At a NASA briefing this afternoon, Alan Stern, New Horizon’s principal investigator, answered questions from the media and the public on today’s historic flyby, discussing the team’s latest impressions of Pluto’s surface, how the data is being transmitted back to Earth, and much, much more!
We’re so close to Pluto, we’re starting to see geologic features on the dwarf planet’s surface. In its latest portrait from the New Horizons spacecraft, scientists are able to pick out distant surface formations, including a polygonal band of terrain stretching east-northeast across the planet, and a dark band near the south pole that’s now being called ‘the whale.’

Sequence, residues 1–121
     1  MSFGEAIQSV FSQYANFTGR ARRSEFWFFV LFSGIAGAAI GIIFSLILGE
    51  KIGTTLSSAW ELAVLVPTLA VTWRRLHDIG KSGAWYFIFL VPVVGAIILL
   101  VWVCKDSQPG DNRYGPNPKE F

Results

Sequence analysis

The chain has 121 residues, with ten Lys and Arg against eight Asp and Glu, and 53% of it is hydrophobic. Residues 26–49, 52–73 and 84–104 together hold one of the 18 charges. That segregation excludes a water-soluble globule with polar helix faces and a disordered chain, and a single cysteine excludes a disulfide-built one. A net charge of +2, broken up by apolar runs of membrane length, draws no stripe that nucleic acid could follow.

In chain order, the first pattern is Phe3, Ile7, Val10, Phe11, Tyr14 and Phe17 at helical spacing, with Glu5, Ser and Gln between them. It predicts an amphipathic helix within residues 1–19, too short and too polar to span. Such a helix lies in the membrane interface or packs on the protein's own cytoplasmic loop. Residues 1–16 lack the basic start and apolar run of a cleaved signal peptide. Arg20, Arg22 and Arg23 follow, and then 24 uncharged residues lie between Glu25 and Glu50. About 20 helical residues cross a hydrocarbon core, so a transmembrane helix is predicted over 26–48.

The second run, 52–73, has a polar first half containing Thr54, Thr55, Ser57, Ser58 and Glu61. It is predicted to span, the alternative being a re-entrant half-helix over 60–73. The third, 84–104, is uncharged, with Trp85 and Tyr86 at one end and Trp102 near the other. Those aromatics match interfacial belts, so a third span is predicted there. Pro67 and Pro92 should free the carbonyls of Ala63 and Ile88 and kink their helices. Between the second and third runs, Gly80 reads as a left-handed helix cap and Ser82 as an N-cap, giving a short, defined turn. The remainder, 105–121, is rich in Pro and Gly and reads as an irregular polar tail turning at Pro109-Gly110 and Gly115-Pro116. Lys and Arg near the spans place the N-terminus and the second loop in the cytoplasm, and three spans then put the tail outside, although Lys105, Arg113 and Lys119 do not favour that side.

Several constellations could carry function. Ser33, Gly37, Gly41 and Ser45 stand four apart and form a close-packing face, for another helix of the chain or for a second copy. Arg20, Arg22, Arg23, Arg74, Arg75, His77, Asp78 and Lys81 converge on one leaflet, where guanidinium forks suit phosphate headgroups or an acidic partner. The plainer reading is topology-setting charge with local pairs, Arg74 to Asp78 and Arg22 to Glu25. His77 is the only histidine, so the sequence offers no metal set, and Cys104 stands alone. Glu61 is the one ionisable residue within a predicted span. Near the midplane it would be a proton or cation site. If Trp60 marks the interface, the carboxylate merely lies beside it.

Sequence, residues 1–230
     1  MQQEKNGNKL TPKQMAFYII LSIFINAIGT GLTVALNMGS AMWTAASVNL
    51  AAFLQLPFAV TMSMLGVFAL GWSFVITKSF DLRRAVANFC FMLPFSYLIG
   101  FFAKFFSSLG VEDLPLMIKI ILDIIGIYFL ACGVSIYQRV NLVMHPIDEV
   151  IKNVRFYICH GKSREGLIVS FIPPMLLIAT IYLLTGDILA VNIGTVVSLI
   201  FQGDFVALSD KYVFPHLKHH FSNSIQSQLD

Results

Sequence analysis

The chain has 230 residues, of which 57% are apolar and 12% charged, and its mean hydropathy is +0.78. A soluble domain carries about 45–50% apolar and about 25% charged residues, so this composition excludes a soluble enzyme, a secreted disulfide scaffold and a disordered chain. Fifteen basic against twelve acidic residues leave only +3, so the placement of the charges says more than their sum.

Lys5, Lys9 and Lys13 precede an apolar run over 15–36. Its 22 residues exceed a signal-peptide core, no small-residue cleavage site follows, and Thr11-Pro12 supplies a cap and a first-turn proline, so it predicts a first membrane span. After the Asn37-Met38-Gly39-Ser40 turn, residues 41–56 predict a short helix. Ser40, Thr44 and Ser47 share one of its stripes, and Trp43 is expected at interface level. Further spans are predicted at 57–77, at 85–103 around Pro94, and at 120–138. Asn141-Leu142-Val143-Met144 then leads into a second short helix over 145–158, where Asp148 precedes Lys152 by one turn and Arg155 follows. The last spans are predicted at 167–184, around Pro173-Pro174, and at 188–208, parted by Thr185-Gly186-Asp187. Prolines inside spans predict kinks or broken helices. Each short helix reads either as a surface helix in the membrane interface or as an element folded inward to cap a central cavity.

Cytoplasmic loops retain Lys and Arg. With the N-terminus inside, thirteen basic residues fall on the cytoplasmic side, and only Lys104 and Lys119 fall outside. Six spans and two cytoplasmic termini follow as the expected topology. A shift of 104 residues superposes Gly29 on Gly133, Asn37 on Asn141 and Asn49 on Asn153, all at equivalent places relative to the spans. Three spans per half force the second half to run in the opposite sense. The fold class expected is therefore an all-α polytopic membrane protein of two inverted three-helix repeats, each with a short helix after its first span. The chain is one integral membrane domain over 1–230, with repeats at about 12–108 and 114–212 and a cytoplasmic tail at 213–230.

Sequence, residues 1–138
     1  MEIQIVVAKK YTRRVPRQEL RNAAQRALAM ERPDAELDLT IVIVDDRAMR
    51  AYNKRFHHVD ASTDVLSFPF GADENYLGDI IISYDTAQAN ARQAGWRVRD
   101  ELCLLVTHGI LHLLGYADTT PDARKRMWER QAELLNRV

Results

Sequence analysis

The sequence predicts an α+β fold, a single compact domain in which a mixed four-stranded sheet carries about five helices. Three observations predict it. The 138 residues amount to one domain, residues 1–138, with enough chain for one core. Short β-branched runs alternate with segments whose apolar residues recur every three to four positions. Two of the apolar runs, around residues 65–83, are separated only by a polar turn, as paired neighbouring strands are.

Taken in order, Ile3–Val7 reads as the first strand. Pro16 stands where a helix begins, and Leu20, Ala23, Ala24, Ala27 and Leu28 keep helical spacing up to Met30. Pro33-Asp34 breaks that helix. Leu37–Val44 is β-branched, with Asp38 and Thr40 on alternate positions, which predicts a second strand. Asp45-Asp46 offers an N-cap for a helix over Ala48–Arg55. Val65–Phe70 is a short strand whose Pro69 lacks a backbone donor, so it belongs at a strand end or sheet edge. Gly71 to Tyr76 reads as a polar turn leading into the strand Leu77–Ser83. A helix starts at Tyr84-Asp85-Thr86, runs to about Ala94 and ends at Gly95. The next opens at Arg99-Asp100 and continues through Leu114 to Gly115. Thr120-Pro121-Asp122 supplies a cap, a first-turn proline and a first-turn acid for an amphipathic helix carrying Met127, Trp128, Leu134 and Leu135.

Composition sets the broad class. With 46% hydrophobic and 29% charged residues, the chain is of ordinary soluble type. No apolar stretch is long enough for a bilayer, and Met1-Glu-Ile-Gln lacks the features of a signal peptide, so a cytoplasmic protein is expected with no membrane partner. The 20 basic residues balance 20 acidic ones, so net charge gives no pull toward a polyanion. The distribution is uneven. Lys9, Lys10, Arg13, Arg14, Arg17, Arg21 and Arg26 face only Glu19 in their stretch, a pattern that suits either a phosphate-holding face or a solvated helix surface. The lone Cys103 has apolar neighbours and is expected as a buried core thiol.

The New Horizons spacecraft is rapidly soaring closer to Pluto for our first flyby of the distant almost-planet. But something went wrong on Saturday afternoon, knocking the probe out of communication for over an hour. Now we’re back in touch and trying to figure out what happened.
“If it looks like a duck, swims like a duck, and quacks like a duck, then it’s probably a duck,” jokes Alan Stern, principal investigator for the New Horizons mission. In his view, the same applies to planets.
Hubble images reveal chaotic rotation of the dwarf planet’s satellites. “If you lived on Nix or Hydra, you would not know if the sun is coming up tomorrow.”